According to the news article, Stephanie Pick first opened her Queen of Tarts pastry shop in Toronto, Ontario, in 1998. On the advice of her businessman father, who felt it was essential she protect her brand, the trademark Queen of Tarts was registered.
Small business owner, Linda Kearney, decided to put her life savings into opening a new café in Edmonton, Alberta. Her granddaughter came up with a clever name for her new business. Unfortunately, three months after she opened up her Queen of Tarts café Mrs. Kearney found herself in a legal nightmare with Ontario pastry chef Stephanie Pick. The Federal Court, in a default judgment, ordered Mrs. Kearney to pay Ms. Pick damages for trademark infringement in the amount of $10,000.00, plus court costs. She also had to cease using the trademark Queen of Tarts.
The legal situation these business owners found themselves in makes obvious three things: (1) there are benefits to registering a trademark; (2) there is value in hiring an expert to assist you; and (3) there is worth in trademark searching.
Many times clients have enquired whether a trademark search is necessary before they apply for a trademark registration, or use a mark. In most instances my answer is yes. Although searches are optional, they are generally recommended. The cost of the search is often far less than the cost to later change the mark, if it is determined that there exists a prior user in a related field. Mrs. Kearney, regrettably, learned this the hard way.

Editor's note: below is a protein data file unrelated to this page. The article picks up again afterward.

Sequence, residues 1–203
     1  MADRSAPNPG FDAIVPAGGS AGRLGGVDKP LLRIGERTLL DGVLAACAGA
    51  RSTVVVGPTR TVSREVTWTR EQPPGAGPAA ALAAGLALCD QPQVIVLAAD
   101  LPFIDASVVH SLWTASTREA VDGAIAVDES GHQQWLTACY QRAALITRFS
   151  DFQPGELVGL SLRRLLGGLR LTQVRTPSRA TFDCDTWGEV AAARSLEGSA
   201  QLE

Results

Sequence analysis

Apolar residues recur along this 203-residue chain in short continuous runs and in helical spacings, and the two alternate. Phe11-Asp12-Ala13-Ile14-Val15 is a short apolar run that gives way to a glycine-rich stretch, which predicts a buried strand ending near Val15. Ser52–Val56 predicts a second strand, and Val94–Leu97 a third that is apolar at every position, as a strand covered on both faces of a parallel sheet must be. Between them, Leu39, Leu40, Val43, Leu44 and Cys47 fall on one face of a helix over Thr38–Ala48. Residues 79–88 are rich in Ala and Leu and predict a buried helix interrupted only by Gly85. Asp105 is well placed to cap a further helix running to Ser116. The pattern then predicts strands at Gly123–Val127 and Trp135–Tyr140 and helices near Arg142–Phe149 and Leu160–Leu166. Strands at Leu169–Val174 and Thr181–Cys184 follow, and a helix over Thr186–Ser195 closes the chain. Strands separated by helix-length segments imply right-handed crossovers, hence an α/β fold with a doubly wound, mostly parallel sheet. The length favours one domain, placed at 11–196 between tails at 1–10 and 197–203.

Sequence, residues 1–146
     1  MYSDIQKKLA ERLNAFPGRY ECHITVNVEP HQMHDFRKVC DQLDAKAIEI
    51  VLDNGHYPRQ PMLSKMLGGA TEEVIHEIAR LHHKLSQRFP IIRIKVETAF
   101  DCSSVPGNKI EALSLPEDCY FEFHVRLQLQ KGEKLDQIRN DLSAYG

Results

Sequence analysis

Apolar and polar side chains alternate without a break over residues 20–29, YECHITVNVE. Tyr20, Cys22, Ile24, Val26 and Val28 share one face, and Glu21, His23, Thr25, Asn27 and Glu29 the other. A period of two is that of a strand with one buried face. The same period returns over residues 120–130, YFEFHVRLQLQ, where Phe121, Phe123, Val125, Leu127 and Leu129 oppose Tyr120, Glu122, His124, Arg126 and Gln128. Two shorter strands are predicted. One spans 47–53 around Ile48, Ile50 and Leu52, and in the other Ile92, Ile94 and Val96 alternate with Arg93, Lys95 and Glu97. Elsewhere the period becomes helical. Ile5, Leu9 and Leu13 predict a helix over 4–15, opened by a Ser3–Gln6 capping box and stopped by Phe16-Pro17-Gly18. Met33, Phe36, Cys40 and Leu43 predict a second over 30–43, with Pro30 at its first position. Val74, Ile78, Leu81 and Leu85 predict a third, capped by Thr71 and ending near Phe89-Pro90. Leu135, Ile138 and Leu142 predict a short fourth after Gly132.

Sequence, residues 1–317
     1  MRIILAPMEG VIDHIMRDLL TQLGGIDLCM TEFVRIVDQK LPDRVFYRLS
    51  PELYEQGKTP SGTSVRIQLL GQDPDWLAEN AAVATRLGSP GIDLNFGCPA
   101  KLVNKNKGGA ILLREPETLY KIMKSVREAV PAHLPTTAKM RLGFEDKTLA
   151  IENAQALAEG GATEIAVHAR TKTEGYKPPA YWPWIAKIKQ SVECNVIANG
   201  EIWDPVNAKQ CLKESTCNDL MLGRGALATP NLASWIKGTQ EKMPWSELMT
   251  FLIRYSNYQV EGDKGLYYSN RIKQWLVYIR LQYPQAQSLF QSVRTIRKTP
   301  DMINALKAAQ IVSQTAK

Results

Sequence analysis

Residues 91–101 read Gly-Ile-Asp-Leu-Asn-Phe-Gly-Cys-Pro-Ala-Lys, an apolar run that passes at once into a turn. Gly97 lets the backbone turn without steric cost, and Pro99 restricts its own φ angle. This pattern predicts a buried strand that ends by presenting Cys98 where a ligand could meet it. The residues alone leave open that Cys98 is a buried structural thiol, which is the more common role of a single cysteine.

Had Mrs. Kearney requested a trademark search from a registered trademark agent or trademark lawyer, she could have avoided the legal nightmare she found herself in three months after opening shop. She could also have avoided the costs she incurred in doing so. A proper trademark search would have disclosed that the trademark Queen of Tarts was owned by Ms. Pick. This should have dissuaded Mrs. Kearney from moving forward with that name. Instead, Mrs. Kearney is required to transition to a new name and shell out the costs associated with this transition.
I often have clients ask me whether or not they could perform their own search or file their own application. The answer is yes, but like any industry, if you are not an expert in the field it is not recommended you do it on your own. A registered trademark agent is a professional who has been apprenticed, examined, and approved by the Trademarks Office to represent trademark applicants and registrants. A registered trademark agent can save business owners time and money by avoiding problems caused by issues like a poorly prepared application or inadequate research.